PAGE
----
A pidgin (language) is a language with a simplified structure that has no or few native speakers and is primarily used by speakers of other languages for interethnic communication, often in specialized circumstances such as trade or labor migration.
- "For a language to be a true pidgin, two conditions must be met: its grammatical structure and its vocabulary must be sharply reduced [...], and also the resultant language must be native to none of those who use it." (Hall 1966:xii)
- "Pidgins [...] are simplified, lexically and structurally reduced, unstable nonnative systems, with variable and inconsisstent pattterns, created and used for limited communication among adults who are native speakers of mutually unintelligible languages." (DeGraff 1999:6)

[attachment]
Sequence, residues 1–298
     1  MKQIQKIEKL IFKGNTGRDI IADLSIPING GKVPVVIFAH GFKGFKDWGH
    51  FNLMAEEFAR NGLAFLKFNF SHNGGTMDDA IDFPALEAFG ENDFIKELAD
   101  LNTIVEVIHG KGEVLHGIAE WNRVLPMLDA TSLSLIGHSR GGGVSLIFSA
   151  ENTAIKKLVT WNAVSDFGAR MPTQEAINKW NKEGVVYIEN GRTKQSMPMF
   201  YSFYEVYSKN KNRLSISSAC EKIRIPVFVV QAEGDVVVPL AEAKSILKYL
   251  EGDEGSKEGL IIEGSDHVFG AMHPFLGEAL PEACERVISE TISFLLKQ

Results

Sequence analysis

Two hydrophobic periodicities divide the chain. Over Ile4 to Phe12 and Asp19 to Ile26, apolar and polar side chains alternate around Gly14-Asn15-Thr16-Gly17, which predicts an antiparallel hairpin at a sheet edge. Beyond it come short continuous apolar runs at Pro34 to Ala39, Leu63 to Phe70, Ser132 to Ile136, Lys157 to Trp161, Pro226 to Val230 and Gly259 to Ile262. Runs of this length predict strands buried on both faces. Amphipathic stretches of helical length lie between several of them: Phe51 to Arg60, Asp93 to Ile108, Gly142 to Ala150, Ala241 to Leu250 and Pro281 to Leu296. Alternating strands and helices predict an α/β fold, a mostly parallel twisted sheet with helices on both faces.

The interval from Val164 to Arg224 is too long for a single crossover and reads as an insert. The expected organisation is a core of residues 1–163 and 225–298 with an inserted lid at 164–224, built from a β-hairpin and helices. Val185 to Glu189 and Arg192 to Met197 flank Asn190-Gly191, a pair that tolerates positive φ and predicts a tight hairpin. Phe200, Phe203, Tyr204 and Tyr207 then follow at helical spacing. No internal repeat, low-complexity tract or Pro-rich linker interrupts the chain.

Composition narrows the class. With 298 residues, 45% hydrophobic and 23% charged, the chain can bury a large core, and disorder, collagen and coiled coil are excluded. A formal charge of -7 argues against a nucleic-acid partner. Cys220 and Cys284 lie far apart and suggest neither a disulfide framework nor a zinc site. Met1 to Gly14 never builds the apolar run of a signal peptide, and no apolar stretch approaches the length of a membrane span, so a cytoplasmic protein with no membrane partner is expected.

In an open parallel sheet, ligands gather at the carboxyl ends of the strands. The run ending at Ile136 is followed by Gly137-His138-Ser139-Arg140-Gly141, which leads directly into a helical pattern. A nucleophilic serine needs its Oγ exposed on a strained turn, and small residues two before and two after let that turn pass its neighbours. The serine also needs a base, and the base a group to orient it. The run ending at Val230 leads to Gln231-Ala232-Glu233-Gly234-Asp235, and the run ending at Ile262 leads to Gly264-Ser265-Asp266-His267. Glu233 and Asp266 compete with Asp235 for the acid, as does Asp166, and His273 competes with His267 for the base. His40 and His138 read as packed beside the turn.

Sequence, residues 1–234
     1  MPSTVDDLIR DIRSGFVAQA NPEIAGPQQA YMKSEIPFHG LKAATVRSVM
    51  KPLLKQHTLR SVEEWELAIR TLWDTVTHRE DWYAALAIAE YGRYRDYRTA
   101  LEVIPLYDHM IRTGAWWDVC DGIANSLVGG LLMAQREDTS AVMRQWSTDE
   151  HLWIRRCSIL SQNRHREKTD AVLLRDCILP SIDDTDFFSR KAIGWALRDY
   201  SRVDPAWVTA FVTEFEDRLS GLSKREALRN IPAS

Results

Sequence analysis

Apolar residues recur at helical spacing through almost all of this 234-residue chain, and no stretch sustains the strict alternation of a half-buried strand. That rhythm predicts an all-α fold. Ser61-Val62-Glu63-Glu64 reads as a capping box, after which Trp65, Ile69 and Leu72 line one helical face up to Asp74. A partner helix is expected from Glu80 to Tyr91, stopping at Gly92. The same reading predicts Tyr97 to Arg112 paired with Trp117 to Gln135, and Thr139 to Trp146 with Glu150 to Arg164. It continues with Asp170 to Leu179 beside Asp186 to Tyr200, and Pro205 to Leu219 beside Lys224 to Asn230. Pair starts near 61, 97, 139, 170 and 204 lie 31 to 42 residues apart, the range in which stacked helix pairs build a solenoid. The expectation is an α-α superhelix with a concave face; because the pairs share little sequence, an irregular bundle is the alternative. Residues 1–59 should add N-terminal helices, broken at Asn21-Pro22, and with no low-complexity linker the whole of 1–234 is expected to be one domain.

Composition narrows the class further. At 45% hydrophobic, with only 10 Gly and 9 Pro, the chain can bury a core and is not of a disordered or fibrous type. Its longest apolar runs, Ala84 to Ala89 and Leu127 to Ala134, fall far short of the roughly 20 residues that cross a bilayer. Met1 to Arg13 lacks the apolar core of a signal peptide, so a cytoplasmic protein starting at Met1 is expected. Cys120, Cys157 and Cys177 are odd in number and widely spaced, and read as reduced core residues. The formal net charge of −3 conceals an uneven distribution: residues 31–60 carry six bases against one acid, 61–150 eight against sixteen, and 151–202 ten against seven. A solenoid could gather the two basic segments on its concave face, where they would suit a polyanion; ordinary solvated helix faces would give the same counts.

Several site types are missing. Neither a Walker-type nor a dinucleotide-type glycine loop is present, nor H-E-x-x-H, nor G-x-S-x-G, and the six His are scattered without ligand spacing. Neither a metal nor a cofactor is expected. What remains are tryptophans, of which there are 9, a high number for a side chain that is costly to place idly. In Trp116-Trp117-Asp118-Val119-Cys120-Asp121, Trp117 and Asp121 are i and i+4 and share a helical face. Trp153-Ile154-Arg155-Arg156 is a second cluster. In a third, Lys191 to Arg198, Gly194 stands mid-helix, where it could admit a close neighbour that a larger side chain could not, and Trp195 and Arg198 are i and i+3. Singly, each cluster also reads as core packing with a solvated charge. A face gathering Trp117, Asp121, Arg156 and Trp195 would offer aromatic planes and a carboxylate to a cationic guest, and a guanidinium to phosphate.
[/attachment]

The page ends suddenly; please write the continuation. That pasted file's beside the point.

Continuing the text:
The term pidgin was generalized from the language Pidgin English (nowadays usually called Chinese Pidgin English), a pidgin that was widely used in Canton and in the Pacific in the 18th and 19th century.
- Hall, Robert A. 1966. Pidgin and creole languages. Ithaca: Cornell University Press.
- DeGraff, Michel. 1999. Creolization, language change and language acquisition: a prolegomenon. In: DeGraff, Michel (ed.) Language creation and language change. Cambridge, MA: MIT Press, 1-46.
German Pidgin (de)